Economy 23-04-2024 10:01 13 Views

Why Even Insiders Underestimate Markets’ Power

Parked aircraft with detail of “winglet,” engineered to reduce drag and improve fuel efficiency.

Over more than four decades of reading, writing and teaching about economic policy, one of the lessons I have learned is that market forces are more powerful than we think. 

When people are faced with some problem in coordinating their economic efforts, they commonly say things like, “well, there’s not much we can do to change things” or “we might not like it, but we have no other choice.” That is, they tend to discount the possibility that markets, if allowed to work, could address those issues. Then, such false premises provide support for coercive government “solutions” as the default response. 

I can remember the 1970s, when I started graduate school, and OPEC dramatically raised oil prices. That, in turn, dramatically raised aircraft fuel prices. People expressed many versions of similar statements, implying that there was nothing much that could be done other than just live with the resulting higher costs of flying. But all sorts of things ended up being changed to mitigate the increased cost of aircraft fuel. Changing routes to a hub-and-spoke model increased the number of occupied seats, lowering fuel cost per passenger. Moving seats a bit closer together also increased load factors. Stripping paint off airplanes, installing lighter seats and tightening baggage and carry-on limits saved weight and thus aircraft fuel. Moving to fewer larger and more efficient engines also saved fuel, as did the now-common upswept wingtips, which convert otherwise wasted as turbulence into lift. Still more was done, some of which was not even anticipated by those considered experts in the field, but only discovered in response to the increased value of saving fuel.

Similarly, living in Southern California, I have heard about water shortages for far longer than my current students have been alive. But seldom did I hear about how government water allocations that far exceeded actual water availability and heavily subsidized water use dramatically increased the amount of water demanded, including shifting the production of rice, which requires the flooding of fields from other states (whose climate better supported such crops) to California. With water artificially cheap for many agricultural uses, too little attention was given to water-saving techniques such as rotating crops, introducing drip irrigation, leveling fields better to reduce runoff, shifting watering to times when evaporation was lower, and lining water ditches with concrete. Letting water prices rise toward market levels (reflecting what others are willing to pay for that water) would have increased the payoffs for discovering and implementing every such means of saving water. But implicit or explicit beliefs that such market adjustments would be unable to effectively address the problem meant that they generally weren’t tried.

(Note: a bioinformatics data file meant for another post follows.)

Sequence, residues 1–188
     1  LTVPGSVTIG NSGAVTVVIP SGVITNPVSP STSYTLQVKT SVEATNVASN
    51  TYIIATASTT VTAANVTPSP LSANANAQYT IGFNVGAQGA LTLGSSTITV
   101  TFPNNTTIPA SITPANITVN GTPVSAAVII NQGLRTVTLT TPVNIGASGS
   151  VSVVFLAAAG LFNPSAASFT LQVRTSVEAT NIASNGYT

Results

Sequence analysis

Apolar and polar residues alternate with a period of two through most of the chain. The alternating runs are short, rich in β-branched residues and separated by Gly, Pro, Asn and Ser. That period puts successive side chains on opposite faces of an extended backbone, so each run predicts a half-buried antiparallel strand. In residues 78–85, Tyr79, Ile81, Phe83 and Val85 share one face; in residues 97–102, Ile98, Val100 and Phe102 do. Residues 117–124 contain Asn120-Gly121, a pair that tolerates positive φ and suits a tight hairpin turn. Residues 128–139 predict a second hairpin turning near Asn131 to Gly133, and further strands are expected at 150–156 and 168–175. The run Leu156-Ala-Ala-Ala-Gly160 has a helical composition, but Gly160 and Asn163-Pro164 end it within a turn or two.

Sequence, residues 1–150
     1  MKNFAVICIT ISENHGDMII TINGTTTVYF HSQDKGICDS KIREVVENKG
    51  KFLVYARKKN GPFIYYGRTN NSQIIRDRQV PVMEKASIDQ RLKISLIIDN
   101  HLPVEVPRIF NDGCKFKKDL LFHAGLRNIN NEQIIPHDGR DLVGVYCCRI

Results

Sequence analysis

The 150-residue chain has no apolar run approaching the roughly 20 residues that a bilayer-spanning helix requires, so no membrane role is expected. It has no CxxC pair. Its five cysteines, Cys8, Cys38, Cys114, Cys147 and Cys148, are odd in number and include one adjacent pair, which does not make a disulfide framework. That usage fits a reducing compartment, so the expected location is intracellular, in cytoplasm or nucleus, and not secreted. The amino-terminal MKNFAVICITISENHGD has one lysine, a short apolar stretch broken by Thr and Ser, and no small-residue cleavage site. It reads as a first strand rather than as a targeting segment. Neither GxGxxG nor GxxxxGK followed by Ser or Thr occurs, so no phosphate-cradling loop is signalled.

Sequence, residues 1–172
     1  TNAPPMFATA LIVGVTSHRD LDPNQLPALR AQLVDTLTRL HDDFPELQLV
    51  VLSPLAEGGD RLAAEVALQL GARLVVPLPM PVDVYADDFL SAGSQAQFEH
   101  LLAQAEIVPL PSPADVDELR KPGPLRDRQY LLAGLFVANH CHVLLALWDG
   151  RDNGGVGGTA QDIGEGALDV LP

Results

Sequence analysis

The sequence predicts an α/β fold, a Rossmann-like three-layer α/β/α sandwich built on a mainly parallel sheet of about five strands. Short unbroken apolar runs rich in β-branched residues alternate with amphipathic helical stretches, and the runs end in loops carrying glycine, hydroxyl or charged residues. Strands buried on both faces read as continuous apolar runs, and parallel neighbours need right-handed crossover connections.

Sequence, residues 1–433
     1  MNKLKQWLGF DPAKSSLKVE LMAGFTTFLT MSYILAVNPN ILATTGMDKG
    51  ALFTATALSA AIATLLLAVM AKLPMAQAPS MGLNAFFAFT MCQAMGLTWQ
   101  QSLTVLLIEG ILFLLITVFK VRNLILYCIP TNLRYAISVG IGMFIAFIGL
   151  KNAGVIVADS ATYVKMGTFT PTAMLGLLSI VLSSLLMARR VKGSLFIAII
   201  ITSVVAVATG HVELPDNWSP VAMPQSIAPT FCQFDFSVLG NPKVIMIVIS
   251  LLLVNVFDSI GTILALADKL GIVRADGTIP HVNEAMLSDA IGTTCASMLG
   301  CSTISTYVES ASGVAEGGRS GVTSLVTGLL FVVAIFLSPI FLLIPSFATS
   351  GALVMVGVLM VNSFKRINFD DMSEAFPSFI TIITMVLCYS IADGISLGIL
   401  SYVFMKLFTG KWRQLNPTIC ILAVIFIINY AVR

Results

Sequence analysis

Anyone who has ever taken a competently taught economic principles course should understand why people tend to underestimate market forces for airline fuel, irrigation water, and so many other areas.

Such courses begin with the fact of inherent scarcity: we desire more goods and services than we can produce (though for those who will quickly jump to the “selfishness” attack, that desire is not limited to ourselves, but extends things we create for others or give away). Then, in dealing with the problems that arise amid scarcity, economic principles point to the implication that having more of one thing I want means I must give up some other thing or things I also want. That is what Thomas Sowell famously summarized in saying, “There are no solutions. There are only tradeoffs.”